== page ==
Muhammad and Abu Bakr flee Mecca for Medina at the stat of the Hijra migration.

Muhammad first converts were his wife Khadija, his step-son Ali, and his close friend Abu Bakr. After some time, traditionally in 613, he began openly preaching the truth that God had revealed to him, and soon gathered a group of loyal follower. At first most Meccans ignored or mocked him, but, as his following grew, he increasingly attracted hostility. Uncompromising monotheism was not a popular creed with those whose livelihood depended the pilgrim business and idol worship. Moreover, Muhammad went on to define a social and personal code that conflicted with traditional ideas; as a social tie, it placed faith first before kinship group or clan. The Islamic community was to be a brotherhood of believers. Persecution of Muhammad grew steadily, and in 622, he fled his home city, having been warned of a plot to assassinate him. He and his followers journeyed 260-miles north to the city of Medina; this Hijra, or emigration, came to mark the beginning of the Islamic calendar. Conditions in Medina greatly favoured Muhammad, for he possessed great leadership and organisational skills, and the city was engulfed in clan civil war. As a neutral outsider, he was invited to serve as chief arbiter to ease the longstanding grievances. In this new role, Muhammad became more than a mere religious teacher, but the political and even military leader of Medina. From the spiritual emphasis of his preaching in Mecca, Muhammad turned to the practical, that of organizing a community, with detailed pronouncements on everything from religious practice to food, marriage to war. The result is now known as the Five Pillars of Islam, the foundations of a Muslim life: the declaration of faith, "there is no god but God, and Muhammad is His messenger"; praying five-times daily at dawn, noon, afternoon, evening, and night; the giving of alms or charity to the poor; observance of fasting during daytime in the holy month of Ramadan; and pilgrimage to Mecca at least once in a lifetime for all able-bodied people. The characteristic flavour of Islam was now being formed: a religion that was also a society; and a theocracy with no internal tension between political and religious authority, no clash of Church and State as was to shape Christian debate for a thousand years and more. It has been said that Muhammad was his own St. Peter and his own Constantine; prophet, first "Pope", and sovereign in one.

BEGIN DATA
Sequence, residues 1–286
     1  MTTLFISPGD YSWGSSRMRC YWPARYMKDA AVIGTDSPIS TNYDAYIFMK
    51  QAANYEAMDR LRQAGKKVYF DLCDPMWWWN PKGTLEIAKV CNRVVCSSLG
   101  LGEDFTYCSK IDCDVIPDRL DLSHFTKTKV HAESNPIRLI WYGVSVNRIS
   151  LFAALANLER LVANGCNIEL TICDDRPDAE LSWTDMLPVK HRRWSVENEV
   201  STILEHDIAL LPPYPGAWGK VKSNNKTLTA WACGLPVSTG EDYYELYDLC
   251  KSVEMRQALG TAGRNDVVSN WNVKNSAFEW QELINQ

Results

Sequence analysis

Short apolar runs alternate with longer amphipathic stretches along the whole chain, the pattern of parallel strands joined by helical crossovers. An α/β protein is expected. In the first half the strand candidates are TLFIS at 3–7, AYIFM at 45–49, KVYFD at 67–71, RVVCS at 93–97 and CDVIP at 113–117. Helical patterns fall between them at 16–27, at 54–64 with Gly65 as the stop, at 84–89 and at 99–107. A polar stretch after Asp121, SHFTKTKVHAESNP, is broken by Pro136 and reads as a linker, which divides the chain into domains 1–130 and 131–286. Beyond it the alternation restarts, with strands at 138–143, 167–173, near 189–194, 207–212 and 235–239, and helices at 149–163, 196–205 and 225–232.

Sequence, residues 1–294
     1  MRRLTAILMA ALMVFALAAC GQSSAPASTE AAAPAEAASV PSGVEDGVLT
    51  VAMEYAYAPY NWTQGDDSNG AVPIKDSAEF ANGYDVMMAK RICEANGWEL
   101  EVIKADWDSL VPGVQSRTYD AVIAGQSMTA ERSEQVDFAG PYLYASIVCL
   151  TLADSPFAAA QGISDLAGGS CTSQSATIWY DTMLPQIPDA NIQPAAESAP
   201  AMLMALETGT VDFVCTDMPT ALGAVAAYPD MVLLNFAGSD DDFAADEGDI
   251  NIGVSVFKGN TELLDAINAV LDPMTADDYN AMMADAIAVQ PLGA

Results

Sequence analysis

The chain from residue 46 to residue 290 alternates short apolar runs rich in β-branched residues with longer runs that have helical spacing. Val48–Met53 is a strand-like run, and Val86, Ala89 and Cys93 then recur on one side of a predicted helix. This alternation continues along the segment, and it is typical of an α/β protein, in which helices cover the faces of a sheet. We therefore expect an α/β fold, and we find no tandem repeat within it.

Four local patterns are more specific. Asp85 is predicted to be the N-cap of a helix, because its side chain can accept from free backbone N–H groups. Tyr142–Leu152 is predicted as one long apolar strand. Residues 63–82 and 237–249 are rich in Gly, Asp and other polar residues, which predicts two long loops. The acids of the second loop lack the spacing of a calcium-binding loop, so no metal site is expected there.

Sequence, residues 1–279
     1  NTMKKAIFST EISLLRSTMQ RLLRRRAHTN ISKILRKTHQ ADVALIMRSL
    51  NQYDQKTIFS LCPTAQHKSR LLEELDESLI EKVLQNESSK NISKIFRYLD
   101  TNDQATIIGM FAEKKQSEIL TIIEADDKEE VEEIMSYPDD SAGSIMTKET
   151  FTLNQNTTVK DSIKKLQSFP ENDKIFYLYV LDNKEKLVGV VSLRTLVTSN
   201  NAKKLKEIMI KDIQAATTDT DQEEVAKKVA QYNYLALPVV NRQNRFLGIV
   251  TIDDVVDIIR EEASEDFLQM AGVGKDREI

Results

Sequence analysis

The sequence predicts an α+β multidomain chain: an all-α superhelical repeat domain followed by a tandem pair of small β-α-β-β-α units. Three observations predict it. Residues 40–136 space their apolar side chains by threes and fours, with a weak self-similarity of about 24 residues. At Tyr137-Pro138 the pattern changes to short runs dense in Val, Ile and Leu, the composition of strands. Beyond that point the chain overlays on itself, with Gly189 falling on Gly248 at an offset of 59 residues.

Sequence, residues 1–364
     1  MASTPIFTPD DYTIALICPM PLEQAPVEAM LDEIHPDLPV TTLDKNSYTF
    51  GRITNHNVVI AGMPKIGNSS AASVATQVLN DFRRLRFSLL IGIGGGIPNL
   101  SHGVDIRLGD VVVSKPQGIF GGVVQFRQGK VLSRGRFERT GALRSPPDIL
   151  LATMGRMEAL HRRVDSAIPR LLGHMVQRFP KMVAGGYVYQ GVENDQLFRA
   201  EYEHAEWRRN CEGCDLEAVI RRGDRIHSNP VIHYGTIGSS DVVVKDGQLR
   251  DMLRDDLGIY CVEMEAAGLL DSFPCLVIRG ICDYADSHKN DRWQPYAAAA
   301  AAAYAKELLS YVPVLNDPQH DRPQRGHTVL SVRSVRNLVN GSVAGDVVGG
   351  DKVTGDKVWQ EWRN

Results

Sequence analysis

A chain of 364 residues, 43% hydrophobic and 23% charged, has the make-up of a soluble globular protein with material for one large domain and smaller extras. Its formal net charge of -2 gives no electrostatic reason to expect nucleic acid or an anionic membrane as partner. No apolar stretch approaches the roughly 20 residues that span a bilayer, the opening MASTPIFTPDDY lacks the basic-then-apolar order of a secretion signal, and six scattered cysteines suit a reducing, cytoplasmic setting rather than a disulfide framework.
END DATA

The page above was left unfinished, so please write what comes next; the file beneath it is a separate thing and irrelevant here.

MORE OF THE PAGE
Muhammad's entrance in Mecca.

Medina rapidly became a strong city, with standards of justice and unity never before seen in Arabia. From their newfound base, some Muslims wanted revenge on their former oppressors in Mecca, and began raiding their caravans. By 624, there was open war between the two cities, culminating in two Meccan attempts to conquer Medina, in 625 and then 627. However, Muhammad could not be dislodged. Then in 629, Muhammad made a bold move in negotiating a truce that would allow his followers to perform the pilgrimage to Mecca. On this first return to Mecca, the Muslims greatly impressed the local population, both through their show-of-strength and their strict discipline, departing peacefully after the agreed upon three days. The following year, a substantial Muslim army marched on Mecca, and took the city with almost no bloodshed. A crucial element of Mecca's peaceful acceptance of Islam was Muhammad's promise that pilgrimage to city would remain a central feature of his new religion; tradition says that he entered the Kaaba Shrine, and then struck with his staff all the idols that his followers were to wash-out, sparing only the Virgin and Child, and the Black Stone itself. Muhammad had thus united under Islam all the clans of the two most important cities in western Arabia. Mecca became the holy city of Islam, while Medina remained the political centre of the developing Islamic state. He approached to the existing Jewish and Christian communities, but they refused to accept his truth and were thus driven-out, so that only the Muslim community remained. Yet this did not imply any enduring hostility to either religion; doctrinal ties existed in their monotheism and their scriptures, even if Christians were believed to have fallen into polytheism through their concept of the Holy Trinity. Muhammad continued to preach and rule until his death in 632. He was buried at al-Masjid an-Nabawi Mosque ("The Mosque of the Prophet"), one of the first to be built in Medina. And so the world religion of Islam was born.

Muslim Conquests (632-717 AD)[]

A medallion reading “Abu Bakr” in Hagia Sophia, Istanbul. He was Muhammad's closest companion and adviser, and succeeded the Prophet as the first Caliph.